Expert Advice for Medium and Midsize Businesses

4 Ways to Hire Where Others Aren’t

Human beings have been rolling along for a few million years or so, yet the ingenuity, fresh thinking, bold, adventurous creativity of our species still regularly amazes us.

Take Velcro and Post-It Notes–who doesn’t wish they’d thought of that? Or a recent favorite of mine: WD40.  And, when it comes to digital revelations, online shopping, social media, and smart phones just breach the list of things I wish I’d come up with.

When looking for a new opportunity, we often look to the old for inspiration. We like to play it safe by iterating on the tried and true. Success might be found this way, but the better chance is that we are going to be crushed by our already established competition. Unless we devise something new and improved, we become competitive risk.

In many situations, we aim to avoid or minimize our risk of exposure. Our preference for competitive risk is a manifestation of that. Taking a competitive risk feels less precarious because it involves engaging in an opportunity that is already established and has proven successful. We think we’re safer because we can see and quantify demand for our product/service. But, we risk being less certain to compete and win in the market; as a late entrant, we are unlikely to do so in most cases

I like to use the example of my friend’s triplets who, a few summers ago, were casting about for a way to earn money. They settled on setting up a lemonade stand—with a twist. Instead of rolling out their business in front of their home, on the corner of their street, or adjacent to their local grocery store, the kids opted for the sidelines of a nearby high school football field, just as practice was concluding. They weren’t sure their lemonade would sell at the football field, but they knew there were no other kids selling there and that there were thirsty athletes.

The result? They earned $75 in about twenty minutes. Don’t you wish you’d thought of that when you were ten?

This is a great example of market risk. It feels risky to us because we don’t have data to prove our new idea will be well-received, but it actually greatly increases the odds that our gamble—if it pays off—will pay off in a big way. Although usually applied to entering a market with something new, I also like to apply it to hiring strategy. Are you desperately searching for someone to fill a position at your company? The gap is a real pain point, and you need to act quickly? In this scenario, I adapt the old adage “married in haste, repent at leisure” to “hire in haste, repent at leisure.”

This is a good time to examine risk. You could hire an experienced, Ivy League-educated MBA who has admirably performed the same job for the past four years, and you’ll feel pretty safe doing this—it’s a proven method.

But there’s a surprising amount of (competitive) risk involved. You could be:

  • Competing against numerous other companies for a candidate of this sort.
  • Spending valuable time engaging several qualified candidates in conversation with no certainty that any of them will choose your firm.
  • Paying an inflated price tag associated with winning this candidate, and their tenure in the position will be brief
  • Picking someone with the very qualifications that make them attractive means they’ll quickly exhaust the new challenge, become bored, and start searching for their next opportunity.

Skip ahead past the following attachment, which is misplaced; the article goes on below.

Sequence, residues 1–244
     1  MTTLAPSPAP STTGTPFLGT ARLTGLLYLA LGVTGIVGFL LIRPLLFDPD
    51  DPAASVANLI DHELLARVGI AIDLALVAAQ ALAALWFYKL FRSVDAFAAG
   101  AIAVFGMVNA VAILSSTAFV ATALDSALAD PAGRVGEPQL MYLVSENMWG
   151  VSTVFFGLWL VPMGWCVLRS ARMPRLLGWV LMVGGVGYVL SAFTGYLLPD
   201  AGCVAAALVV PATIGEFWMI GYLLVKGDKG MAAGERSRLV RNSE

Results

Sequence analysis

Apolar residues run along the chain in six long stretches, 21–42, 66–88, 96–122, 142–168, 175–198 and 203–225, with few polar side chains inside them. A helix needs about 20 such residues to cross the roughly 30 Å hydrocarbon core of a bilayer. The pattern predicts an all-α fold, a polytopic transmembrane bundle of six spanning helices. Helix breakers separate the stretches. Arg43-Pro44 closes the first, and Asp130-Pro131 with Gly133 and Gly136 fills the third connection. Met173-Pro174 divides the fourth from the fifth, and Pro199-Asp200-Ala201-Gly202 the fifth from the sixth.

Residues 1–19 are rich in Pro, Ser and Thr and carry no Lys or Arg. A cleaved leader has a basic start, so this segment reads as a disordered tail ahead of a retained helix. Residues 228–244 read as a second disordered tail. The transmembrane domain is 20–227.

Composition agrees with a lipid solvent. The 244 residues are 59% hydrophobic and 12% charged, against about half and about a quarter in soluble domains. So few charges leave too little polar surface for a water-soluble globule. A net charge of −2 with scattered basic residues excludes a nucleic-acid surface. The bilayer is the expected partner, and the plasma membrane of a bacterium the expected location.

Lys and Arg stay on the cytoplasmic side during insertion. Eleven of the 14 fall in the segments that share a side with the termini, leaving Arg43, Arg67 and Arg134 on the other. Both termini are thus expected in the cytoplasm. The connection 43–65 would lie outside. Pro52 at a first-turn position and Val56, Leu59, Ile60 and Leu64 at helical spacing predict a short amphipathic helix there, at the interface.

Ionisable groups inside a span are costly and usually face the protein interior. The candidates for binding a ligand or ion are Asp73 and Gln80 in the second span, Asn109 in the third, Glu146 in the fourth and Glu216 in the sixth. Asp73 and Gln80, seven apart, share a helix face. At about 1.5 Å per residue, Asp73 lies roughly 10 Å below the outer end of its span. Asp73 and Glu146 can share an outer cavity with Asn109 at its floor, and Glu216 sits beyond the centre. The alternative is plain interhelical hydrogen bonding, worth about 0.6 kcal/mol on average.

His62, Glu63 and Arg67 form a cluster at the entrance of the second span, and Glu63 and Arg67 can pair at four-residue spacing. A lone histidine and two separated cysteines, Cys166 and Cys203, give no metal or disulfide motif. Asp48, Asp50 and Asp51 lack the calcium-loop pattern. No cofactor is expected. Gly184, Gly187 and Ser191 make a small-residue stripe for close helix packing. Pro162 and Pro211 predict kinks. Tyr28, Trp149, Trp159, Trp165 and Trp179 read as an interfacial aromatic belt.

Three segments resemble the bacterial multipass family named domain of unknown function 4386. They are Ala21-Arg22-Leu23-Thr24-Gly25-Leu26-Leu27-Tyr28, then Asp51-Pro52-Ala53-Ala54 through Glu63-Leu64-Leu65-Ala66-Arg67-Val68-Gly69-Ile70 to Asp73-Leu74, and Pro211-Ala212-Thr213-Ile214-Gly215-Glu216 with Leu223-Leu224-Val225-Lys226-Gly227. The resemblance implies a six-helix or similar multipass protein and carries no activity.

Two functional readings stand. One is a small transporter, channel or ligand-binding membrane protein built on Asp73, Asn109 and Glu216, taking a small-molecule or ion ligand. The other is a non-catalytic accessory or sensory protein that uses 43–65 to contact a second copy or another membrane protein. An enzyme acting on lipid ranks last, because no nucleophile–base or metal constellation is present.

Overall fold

Instead, you can assume a market risk approach and hire where others aren’t hiring.

  1. Internal hires: The very first step is to look around your firm. Who could be promoted or moved? How could teams be reconfigured? There are probably several employees who would welcome a new challenge or disruption in their work. These proven employees, who relish the jump to something different, are an extremely valuable resource. They shouldn’t be overlooked or neglected because they tend to leave for greener pastures when they’re not cultivated. 
  1. On-rampers: A sizeable group of nontraditional employees to investigate are on-rampers. On-rampers are candidates who took a career break for family, health, or other reasons—and they often possess the necessary skills and competencies gained from previous work and education. These candidates are often right-priced; such potential employees are hungry for new opportunities. They’re eager for a chance to re-enter the workforce and prove themselves.
  1. Gig workers, interns, contract employees, remote employees, or job-sharing employees: All of these are potentially lucrative playing fields for hiring managers that are frequently eschewed by traditional HR practices. You can take your pick, with little competition.
  2. Boomerang employees: Once taboo and sometimes still treated as such, boomerang employees are also a market risk sector for potential hiring. Individuals who have worked at the organization in the past and can return with new skills acquired in a different venue can be exceptionally valuable. Maintain good relationships with this pool of talent, and tap into it when you can. You might be surprised by how many companies won’t do this to their detriment.

A nontraditional employee can be a storehouse of education, skill, and experience. By looking to hire where others aren’t, we can discover human resources that aren’t picked-over or overpriced—and capable of offering great return on investment for your company. Unconventional hiring can lead to unconventional success when we are willing to embrace market risk and hire where others hesitate.

Want more insights on managing your workforce? Join us at the next #SMBExperts Tweetchat, Maintaining a Corporate Culture in a Changing World, on Thursday, March 22nd at 3 p.m. ET. Join the conversation or follow along using the #SMBExperts hashtag.

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